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Changing Things Up

Patricia George | March 2017

     By this time of the year, it is easy to have gotten in a rut. You may be bored with your playing, bored with your practicing, or bored with your teaching. Changing up just a few things up can provide new inspiration and invigorate you during these last days of winter.

Vary the Location
    Do you always teach or practice in the same space? In many music schools, the practice rooms are windowless and quite small. It is easy to stop projecting when practicing in such an environment. Playing in a classroom, recital hall, or large rehearsal space can do wonders in opening your sound. Look around and practice and teach in as many different locations as you can.
    When I taught at the university, there was one classroom called the mirror room because there were mirrors covering each of the four walls. Whenever I had the opportunity to teach in this room, I always took it. With the many mirrors both the student and I could view the student’s set up from every angle. Sometimes I taught flute choir in this room. After a session in the mirror room, the ensemble’s playing always improved.
    Another favorite place to teach was the recital hall. The acoustics were outstanding so it was often rented out to professional musicians who were recording CDs. The hall had about 500 seats in a stadium arrangement so non-performing students had an unrestricted view of a classmate performing with the piano. There were also several pianos and a harpsichord to choose from to achieve just the right sound. One year I was assigned this hall for my weekly studio class. Since we had such a marvelous performing space for the term, I decided that every week each flutist in the studio would perform in class to learn to work the acoustics of the hall. Several students remarked that what they had learned about playing off the acoustics of the hall had helped them make better musical choices when playing in the larger symphony hall.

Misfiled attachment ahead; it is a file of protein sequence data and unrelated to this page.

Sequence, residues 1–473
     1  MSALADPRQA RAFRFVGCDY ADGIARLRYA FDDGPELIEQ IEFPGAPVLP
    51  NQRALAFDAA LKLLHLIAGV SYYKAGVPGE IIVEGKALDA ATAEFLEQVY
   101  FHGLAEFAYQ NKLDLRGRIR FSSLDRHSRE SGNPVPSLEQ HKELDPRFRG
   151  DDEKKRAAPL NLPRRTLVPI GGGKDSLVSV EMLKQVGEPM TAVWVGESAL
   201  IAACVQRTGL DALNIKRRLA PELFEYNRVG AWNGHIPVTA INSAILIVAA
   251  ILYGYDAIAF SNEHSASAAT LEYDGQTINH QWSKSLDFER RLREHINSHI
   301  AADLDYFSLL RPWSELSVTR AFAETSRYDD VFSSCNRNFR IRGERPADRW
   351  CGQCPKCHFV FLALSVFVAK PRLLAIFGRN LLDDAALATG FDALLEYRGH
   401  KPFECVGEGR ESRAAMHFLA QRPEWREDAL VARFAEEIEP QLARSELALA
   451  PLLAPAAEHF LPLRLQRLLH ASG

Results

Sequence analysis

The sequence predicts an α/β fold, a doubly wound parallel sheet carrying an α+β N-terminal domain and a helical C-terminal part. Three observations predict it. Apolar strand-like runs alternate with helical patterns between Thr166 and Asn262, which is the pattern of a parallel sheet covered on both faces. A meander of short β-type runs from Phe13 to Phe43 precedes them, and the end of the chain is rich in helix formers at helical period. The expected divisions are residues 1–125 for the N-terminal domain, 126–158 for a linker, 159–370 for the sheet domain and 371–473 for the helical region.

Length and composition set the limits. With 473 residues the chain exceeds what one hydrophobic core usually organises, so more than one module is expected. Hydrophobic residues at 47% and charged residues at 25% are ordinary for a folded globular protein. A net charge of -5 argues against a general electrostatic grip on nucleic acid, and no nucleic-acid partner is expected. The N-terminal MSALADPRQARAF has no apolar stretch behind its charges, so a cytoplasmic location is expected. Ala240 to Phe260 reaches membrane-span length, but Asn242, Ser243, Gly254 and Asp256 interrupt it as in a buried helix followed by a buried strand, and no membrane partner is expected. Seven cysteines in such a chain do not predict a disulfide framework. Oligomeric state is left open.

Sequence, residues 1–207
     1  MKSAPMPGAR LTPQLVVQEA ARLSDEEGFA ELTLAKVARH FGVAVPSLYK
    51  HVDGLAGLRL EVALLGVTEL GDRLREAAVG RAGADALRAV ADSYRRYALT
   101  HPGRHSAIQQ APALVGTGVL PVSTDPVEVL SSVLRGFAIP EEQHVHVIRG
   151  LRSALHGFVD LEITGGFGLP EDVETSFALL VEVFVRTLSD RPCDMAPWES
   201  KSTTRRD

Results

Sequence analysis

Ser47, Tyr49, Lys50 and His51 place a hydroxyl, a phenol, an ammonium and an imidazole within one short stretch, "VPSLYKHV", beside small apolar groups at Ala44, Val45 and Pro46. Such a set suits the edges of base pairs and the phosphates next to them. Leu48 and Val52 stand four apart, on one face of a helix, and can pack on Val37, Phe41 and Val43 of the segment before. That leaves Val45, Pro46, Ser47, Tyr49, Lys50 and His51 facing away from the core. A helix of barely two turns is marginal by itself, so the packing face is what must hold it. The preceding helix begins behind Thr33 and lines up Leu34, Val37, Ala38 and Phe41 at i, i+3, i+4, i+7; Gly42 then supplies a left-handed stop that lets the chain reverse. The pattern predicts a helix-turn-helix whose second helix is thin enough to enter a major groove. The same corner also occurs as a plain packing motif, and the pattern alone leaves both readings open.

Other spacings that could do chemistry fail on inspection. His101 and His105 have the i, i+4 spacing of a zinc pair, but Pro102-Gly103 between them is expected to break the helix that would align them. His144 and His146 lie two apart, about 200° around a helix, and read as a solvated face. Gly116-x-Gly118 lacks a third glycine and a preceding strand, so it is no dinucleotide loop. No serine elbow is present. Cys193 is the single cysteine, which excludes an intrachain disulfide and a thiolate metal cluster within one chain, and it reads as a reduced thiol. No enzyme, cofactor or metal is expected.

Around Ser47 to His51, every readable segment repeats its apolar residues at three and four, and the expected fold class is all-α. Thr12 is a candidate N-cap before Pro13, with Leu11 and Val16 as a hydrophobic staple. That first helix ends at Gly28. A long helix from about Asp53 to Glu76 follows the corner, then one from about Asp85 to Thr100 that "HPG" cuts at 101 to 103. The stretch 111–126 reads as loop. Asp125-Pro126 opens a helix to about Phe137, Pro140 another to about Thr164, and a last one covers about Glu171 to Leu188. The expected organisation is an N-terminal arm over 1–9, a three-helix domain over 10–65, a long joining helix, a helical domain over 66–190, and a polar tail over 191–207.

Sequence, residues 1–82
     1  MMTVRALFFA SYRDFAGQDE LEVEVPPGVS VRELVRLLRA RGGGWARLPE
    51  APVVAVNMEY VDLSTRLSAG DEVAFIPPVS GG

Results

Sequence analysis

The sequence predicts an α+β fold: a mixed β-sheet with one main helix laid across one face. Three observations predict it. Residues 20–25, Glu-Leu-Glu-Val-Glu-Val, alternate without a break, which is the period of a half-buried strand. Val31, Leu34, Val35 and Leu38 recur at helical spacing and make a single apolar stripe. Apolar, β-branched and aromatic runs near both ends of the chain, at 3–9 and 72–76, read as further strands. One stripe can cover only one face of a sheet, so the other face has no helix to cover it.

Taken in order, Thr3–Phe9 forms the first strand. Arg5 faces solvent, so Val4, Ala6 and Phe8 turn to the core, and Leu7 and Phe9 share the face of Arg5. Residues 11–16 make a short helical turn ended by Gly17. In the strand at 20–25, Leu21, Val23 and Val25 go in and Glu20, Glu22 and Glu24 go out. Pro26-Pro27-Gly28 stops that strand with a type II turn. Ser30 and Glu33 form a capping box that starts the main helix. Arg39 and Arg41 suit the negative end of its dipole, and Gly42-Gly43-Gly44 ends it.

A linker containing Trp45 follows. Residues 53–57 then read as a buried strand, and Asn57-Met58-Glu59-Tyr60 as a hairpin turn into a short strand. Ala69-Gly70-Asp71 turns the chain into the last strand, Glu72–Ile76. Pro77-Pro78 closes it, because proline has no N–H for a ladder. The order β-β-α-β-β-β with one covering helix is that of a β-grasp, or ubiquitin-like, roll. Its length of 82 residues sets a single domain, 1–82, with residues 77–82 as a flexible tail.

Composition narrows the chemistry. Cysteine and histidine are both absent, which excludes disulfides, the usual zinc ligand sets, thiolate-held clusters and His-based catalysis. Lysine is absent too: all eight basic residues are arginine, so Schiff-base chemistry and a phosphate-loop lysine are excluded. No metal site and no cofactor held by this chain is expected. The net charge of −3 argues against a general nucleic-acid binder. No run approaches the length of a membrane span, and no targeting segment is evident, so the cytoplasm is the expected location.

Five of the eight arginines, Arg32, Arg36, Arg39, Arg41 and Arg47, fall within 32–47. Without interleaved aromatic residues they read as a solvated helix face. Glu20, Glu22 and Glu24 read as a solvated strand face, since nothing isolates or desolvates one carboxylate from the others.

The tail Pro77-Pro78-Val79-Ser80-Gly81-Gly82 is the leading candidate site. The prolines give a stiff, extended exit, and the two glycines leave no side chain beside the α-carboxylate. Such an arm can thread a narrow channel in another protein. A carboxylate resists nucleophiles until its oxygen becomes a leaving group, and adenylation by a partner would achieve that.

I prefer practicing in a dry space because with my limited practice time, I need to fix problem areas quickly. Playing in a dry space tells it like it is. It can be depressing because there is no echo to camouflage the sound. If you are having trouble with flow though, practicing in a vibrant space (a space with hard surfaces and no carpet or curtains) makes you sound better than you really do and will free you so the music flows freely. It is generally helpful to practice in both types of surroundings.
    Most teachers set up their studios and leave everything in place year after year. Rearranging the furniture or redecorating a studio can inspire a fresh approach to teaching. Changing the décor also offers the opportunity to declutter your office. For some students, the clutter in an office is distracting and prevents them from doing their best.
    Consider the lighting. Many buildings have overhead fluorescent fixtures. Through the years, the bulbs become loose and begin to hum. This humming can be tiring for both teacher and student. Recently I have seen a trend towards indirect lighting. You can accomplish this with lamps (both table and floor) and special lamps for the music stand and piano rack. When I changed the lighting in my studio, every student commented how much more relaxing the atmosphere was. At the end of the day I realized I was not as tired as usual because I had not listened to the humming of the bulbs for eight hours.